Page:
Knowing more about who painted an artwork and how artists approach their creative endeavours often helps giving more context to the artworks we admire.
As a result, today we speak with Natalia (also know as Delnara El on Artfinder), a watercolour artist born in Ukraine and currently residing in Turkey, who introduces us to her artistic journey.
(Please kindly note that this interview was conducted prior to the war in Ukraine)
Q: Could you start by introducing yourself to our community?
Hi, everyone! My name is Natalia (Delnara is my pseudonym), I was born and raised in Ukraine. But for the last 8 years, I’ve been travelling non-stop, mostly to the countries of South-Eastern Asia and Europe. Since March 2020 I’ve been staying in Turkey and right now I live in a picturesque town on the Mediterranean coast. During my travels, I’ve created more than 50 artbooks about 30 countries, and every drawing in those reflects my impressions and local lifestyles –- landscapes, cuisine, people, architecture, holidays and traditions, flora and fauna. In tropical countries, I was amazed by the nature, so I created a series of paintings to try and convey that bright sunlight and those vivid colours.
Q: How long have you been on Artfinder and what has been your experience so far?
I discovered Artfinder at the beginning of 2021. Because of the pandemic, I couldn’t travel anymore, so I started looking for opportunities available for artists online. I got inspired by the ideas, the mission and the values of Artfinder, and I’m very happy to have become a part of this community. Furthermore, thanks to the interactions with the community, I began to dive into the history of modern art, reading books and articles, and taking courses. I also enrolled in educational programmes “Curator of contemporary art” and “Art management”. I started to experiment more with materials, themes and techniques, and all of this happened thanks to Artfinder as well.
Q: What made you want to become an artist?
To be honest, I never would have thought I’d become an artist. I graduated from Kyiv National University of Construction and Architecture, and I had a good job. But I dreamt of travelling and having a diary, like pioneers of old, to describe and draw everything I would see. I enrolled in an academic drawing programme at Salvador Dali Academy of Contemporary Arts, but I got bored pretty quickly. Shading of geometrical shapes was miles away from pictures of exotic places I aspired to draw. That’s why I just took a sketchbook with me and went travelling, having decided that I would learn on the way. It’s been a long road (I started in 2010), but infinitely interesting. I've been learning new things all the time and continue to do so to this day. One day I just realised that I’d become an artist. I can’t imagine my life without art. And while previously I was learning how to draw what I want to or what I see, now I’m on the lookout for new ideas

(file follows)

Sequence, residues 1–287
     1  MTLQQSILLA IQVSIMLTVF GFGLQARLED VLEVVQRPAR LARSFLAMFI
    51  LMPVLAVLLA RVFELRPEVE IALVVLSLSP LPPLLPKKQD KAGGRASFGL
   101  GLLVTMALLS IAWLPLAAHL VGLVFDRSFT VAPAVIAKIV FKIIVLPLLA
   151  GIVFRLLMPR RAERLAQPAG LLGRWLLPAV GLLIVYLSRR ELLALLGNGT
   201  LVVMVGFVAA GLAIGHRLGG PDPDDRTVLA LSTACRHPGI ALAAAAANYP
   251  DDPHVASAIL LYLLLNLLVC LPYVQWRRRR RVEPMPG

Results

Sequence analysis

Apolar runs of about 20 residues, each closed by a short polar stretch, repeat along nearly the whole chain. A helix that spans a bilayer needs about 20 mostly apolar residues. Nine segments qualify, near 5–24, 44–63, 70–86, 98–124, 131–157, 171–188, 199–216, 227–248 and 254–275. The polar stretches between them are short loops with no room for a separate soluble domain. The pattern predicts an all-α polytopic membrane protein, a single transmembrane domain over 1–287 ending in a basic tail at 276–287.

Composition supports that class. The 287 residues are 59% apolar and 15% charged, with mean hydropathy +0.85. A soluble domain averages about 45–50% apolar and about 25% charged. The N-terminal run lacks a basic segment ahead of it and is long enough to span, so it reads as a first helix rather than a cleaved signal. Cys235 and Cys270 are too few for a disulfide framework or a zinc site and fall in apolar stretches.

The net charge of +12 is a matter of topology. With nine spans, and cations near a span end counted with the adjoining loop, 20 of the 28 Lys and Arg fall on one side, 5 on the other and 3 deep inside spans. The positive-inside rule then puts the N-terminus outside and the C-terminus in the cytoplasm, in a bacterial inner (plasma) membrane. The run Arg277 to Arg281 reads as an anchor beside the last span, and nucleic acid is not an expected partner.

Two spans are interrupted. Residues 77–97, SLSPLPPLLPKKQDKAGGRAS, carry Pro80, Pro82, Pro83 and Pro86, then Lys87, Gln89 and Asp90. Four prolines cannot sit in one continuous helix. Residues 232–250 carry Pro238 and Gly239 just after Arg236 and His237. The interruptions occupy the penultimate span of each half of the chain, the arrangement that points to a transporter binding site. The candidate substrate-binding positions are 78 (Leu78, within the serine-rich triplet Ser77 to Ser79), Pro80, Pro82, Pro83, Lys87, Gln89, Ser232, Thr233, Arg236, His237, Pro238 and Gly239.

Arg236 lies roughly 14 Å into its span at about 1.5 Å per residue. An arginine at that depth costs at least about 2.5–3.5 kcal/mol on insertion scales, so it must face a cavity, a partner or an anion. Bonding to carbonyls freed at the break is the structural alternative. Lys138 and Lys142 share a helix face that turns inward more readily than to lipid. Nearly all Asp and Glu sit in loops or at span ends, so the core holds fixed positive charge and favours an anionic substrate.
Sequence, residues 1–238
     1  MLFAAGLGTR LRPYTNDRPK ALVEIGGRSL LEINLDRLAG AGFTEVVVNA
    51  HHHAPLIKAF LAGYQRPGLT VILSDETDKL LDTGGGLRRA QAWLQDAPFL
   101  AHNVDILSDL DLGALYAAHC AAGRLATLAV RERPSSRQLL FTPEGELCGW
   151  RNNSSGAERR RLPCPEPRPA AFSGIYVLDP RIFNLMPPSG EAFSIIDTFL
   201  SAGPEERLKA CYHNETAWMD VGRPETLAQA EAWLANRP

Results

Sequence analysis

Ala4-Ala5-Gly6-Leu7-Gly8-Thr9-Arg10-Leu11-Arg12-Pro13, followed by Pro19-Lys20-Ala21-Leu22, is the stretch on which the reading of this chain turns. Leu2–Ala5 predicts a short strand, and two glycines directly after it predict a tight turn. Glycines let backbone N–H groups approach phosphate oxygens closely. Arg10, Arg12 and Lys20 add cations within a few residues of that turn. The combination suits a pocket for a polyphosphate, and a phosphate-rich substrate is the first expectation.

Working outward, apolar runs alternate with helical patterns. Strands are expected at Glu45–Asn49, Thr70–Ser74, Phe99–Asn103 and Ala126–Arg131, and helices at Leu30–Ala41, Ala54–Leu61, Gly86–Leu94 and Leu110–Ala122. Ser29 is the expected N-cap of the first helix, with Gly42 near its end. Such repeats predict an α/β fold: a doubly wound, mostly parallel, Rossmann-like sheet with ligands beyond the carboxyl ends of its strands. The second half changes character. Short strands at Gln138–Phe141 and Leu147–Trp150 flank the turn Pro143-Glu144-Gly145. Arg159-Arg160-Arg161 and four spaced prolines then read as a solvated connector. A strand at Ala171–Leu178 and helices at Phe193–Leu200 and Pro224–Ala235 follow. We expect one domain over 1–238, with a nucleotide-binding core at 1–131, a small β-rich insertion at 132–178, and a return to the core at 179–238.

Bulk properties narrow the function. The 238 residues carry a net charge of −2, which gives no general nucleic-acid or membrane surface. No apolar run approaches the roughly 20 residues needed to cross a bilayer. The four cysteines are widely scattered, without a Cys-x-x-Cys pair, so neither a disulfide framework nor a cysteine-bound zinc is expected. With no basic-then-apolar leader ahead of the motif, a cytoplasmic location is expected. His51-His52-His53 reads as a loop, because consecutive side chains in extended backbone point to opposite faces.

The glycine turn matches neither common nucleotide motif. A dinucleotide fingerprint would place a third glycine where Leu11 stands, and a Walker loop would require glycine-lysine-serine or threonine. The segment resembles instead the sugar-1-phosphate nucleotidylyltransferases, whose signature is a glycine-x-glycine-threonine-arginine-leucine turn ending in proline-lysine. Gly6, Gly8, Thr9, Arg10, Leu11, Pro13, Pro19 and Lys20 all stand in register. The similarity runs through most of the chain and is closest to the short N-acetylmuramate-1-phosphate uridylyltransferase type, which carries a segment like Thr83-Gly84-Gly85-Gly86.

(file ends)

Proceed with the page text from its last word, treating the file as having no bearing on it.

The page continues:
Q: What has been the biggest hurdle you have had to overcome in your life as an artist?
It’s difficult to name one big hurdle. I’ve always had some minor ones and almost every time I found them in my own head. It’s tough to believe in yourself, to keep working no matter what, to trust that your works are appreciated by others…
Q: What project/artwork are you currently working on?
Right now I’m reevaluating my artistic practices and all those experiences and impressions I got while travelling. I’m working on a new series, using the polysemy of the concept of “migration”, while trying to find new facets of the multicultural and multiethnic society. I use a dynamic worldview, rejection of a settled way of life and migration as tools to re-actualise my “mental map”, as a way to see more clearly and get rid of automatic perception. Being a nomad used as a cognitive tool in the artistic field allows space for miracles and manifestations of life itself.
Q: If you could only use one art supply for the rest of your life, what would it be?
If you put it like that, I would probably choose an iPad, because it would allow me to imitate any material and it also has a camera. But of course, I prefer “living” materials and I would find it hard to give them up. In the end, you can make your own pigments and use your own hair or a few of your cat’s borrowed hairs as brushes :)
Q: What's the one artistic technical tip you cannot live without?
I can’t imagine my life without a camera. I’ve been an amateur photographer since I was 12, took a lot of photos on film and always brought several cameras with me while travelling. I could forget to bring clothes or shoes, but I would always take a camera, a sketchbook and paints with me. A camera is a part of my memory, I sometimes draw using my photos as references when I don’t have enough time to draw in the moment.
Q: Finally, what advice would you have for anyone wanting to start a career as an artist?
I’d say, practice a lot, be open to everything new and never give up. Just keep doing what you do and enjoy it.